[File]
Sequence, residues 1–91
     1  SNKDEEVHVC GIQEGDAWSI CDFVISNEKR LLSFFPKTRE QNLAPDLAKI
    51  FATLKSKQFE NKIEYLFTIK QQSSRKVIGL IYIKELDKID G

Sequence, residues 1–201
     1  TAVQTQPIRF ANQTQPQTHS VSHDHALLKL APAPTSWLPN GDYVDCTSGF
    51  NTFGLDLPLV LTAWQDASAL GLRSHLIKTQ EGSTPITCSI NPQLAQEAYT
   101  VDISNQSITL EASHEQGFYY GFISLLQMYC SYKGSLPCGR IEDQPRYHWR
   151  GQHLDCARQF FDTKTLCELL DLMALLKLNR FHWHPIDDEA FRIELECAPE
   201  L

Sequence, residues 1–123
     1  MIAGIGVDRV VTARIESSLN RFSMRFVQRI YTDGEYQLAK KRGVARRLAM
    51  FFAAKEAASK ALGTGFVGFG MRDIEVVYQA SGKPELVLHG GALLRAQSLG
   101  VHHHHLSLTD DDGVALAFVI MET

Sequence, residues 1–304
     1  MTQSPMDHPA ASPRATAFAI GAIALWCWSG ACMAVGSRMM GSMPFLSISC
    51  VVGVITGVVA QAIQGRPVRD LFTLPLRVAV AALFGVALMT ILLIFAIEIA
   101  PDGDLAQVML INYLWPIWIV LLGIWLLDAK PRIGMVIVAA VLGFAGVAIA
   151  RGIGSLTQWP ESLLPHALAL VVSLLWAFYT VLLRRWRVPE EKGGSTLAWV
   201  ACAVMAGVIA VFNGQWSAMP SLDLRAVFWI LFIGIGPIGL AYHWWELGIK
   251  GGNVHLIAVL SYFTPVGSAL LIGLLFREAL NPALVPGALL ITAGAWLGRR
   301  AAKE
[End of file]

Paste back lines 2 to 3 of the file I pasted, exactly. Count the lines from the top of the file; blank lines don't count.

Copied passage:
     1  SNKDEEVHVC GIQEGDAWSI CDFVISNEKR LLSFFPKTRE QNLAPDLAKI
    51  FATLKSKQFE NKIEYLFTIK QQSSRKVIGL IYIKELDKID G